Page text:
News in Brief

Vivendi boss ousts Canal+ CEO; NTL splits in two; and IFP launches a virtual conference.
April 18, 2002

Vivendi Universal chief executive Jean-Marie Messier has forced out Pierre Lescure, CEO of the Canal+ pay-TV group. The announcement was made by Messier at an impromptu press conference that also named Xavier Couture, director of broadcasting, sports and special events at TF1, as Lescure’s replacement. Only four days earlier, on Friday April 12, Canal+ COO Denis Oliveness resigned from his post in protest of Messier’s leadership. The departure of 56-year-old Lescure, who helped found Canal Plus in 1984, was opposed by many Canal+ employees and supporters, who took to the street in protest. One demonstrator painted the slogan ‘Messier is a Universal Idiot’ on the facade of the outlet’s headquarters, reports The Wall Street Journal.

How Lescure’s departure effects Canal+’s documentary department remains uncertain, but the string of shake-ups at the outlet are beginning to take their toll. Documentary director Anna Glogowski recently remarked that coproduction activity within the unit had been significantly reduced.

U.K. cable company NTL has reached an unofficial deal that sees the company split in two in an effort to manage its US$17 billion debt. The agreement proposes NTL divide into separate U.K. and Ireland operations, to be controlled by NTL’s bondholders. A company, to be called Euroco, will take over activities in Switzerland, France, Germany and Sweden (86.5% controlled by the bondholders). Some subsidiaries will file for Chapter 11, and NTL’s bank debt – $4 billion in the UK and $2 billion in Switzerland – will remain in place. The agreement awaits approval by NTL’s banks and NTL’s minority bondholders.

Mexico-based cablecaster Cablevision has launched an IPO of 49% of its shares on the Mexican stock market. The shares were previously owned by Mexican businessman Carlos Slim, who priced the shares at 15 Pesos (US$1.65), a marker that grants Cablevision a $500 million value.

Granada in the U.K. has entered into a third format coproduction deal, this time with Glem TV in France, a subsidiary of TF1. The deal gives Glem first-look at Granada’s formats, with the option to coproduce the programs. As reported in last week’s Plus, Granada has struck similar deals with Nordisk Film in Denmark, and TeVe in Holland.

Eurodata TV Worldwide has released stats from its report that reviews the global television landscape for 2001. According to the survey, reality fare is holding strong. Of the 70 territories surveyed, 17 counted Who Wants to Be a Millionaire among the top 10 shows (it ranked 14th last year). Big Brother was in the top 10 in 11 territories. Another detail of note: Only 10 territories had a news show among the top-ranking programs. The finding is surprising given the attention to news that resulted from the events of September 11, and indicates viewers turned to cable and satellite channels for this coverage.

The Sundance Channel has acquired U.S. TV rights for a package of films – seven features and one short – from New York, U.S.- based distributor Zeitgeist Films. Among the feature films are three documentaries: Kim Synder’s I Remember Me; Susan Muska and Greta Olafsdottir’s The Brandon Teena Story; and The Gleaners and I by Agnes Varda.

In an ongoing effort to broaden its mandate to include technology lifestyle programming, San Francisco, U.S.-based TechTV has introduced a new series titled The Tech Of…. Composed of single-subject half-hours, the series will show the inner working of things ranging from food to race cars. TechTV is also looking to acquire more technology-based programming and coproduction partners.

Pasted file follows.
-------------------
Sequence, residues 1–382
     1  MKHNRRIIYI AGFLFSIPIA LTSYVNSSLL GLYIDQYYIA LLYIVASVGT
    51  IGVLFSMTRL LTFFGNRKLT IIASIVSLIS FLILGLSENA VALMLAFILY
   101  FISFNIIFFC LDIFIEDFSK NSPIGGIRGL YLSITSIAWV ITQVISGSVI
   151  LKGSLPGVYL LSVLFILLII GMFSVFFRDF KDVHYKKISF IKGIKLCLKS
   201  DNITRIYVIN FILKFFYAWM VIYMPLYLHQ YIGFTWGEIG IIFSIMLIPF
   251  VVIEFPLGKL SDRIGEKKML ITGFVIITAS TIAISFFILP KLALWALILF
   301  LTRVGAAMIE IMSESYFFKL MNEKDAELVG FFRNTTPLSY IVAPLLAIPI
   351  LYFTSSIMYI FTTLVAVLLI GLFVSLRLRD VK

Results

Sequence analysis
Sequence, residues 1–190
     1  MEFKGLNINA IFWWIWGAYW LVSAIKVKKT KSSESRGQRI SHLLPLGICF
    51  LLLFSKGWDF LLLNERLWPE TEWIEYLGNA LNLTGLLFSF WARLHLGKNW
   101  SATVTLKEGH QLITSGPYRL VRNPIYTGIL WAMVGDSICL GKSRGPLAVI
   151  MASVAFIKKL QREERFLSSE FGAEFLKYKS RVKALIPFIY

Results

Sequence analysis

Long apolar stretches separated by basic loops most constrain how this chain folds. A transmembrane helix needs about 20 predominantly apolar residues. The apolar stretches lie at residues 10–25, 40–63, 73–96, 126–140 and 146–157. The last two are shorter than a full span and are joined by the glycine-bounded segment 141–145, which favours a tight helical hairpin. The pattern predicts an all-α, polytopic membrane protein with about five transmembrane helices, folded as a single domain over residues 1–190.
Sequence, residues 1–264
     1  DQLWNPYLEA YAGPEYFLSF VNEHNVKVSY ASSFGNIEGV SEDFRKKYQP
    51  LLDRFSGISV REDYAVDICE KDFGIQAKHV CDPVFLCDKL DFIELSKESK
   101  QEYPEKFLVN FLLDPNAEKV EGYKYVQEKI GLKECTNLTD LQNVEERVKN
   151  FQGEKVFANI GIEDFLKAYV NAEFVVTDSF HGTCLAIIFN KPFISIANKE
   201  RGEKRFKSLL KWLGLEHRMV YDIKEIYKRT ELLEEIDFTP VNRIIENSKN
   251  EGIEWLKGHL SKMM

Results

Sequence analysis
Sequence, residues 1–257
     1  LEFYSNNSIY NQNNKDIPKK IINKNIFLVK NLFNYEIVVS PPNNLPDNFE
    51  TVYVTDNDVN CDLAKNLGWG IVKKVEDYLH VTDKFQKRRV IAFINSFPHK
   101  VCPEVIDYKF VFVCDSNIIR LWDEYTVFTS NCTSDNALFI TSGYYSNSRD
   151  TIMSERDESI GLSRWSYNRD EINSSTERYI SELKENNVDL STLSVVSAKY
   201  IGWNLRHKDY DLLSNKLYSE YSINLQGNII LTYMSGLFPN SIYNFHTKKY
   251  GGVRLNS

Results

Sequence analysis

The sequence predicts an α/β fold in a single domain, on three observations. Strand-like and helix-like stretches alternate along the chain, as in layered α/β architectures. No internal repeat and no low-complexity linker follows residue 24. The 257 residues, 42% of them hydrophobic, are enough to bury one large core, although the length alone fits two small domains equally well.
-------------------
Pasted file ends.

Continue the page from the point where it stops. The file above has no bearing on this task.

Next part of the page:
The Independent Feature Project (IFP) in New York, U.S. plans to launch Virtual Doc Conference, an online discussion about the craft and business of documentary filmmaking. The conference will take place on the D-Word web site ( four times a year, and will be hosted by D-Word founder Doug Block. The first chat will take place from April 22 to 28 and will focus on ‘Selling your Doc in the International Marketplace.’ Jan Rofekamp of Montreal-based distrib Films Transit will log onto the site twice a day to answer questions from participants.

Miramax Films has picked up Comedian, a documentary that chronicles actor/stand-up comedian Jerry Seinfeld‘s year on the road after his hit TV show Seinfeld went off the air. The doc is produced by Gary Streiner and directed by Christian Charles, the Ogilvy and Mather ad execs behind Seinfeld’s American Express commercials.

Argentina’s broadcast regulator has denied cablecaster Telecentro‘s bid to acquire TVS, a smaller outlet in La Matanza near Buenos Aires. The decision was based on concerns that the acquisition would limit competition in the area and reduce channel offerings.

The fifth installment of the U.S. Survivor series will take place on Tarutau island in Thailand. During World War II, the island was used as a jail for political prisoners.

Zone Vision, a London, U.K.-based thematic channel producer and distributor, has signed a carriage deal with Romania Cable Systems (RCS), which counts more than 250,000 subscribers.

About The Author
Barry Walsh is editor and content director for realscreen, and has served as editor of the publication since 2009. With a career in entertainment media that spans two decades, prior to realscreen, he held the associate editor post for now defunct sister publication Boards, which focused on the advertising and commercial production industries. Before Boards, he served as editor of Canadian Music Network, a weekly music industry trade, and as music editor for As content director, he also oversees the development of content for the brand's market-leading events, the Realscreen Summit and Realscreen West, as well as new content initiatives.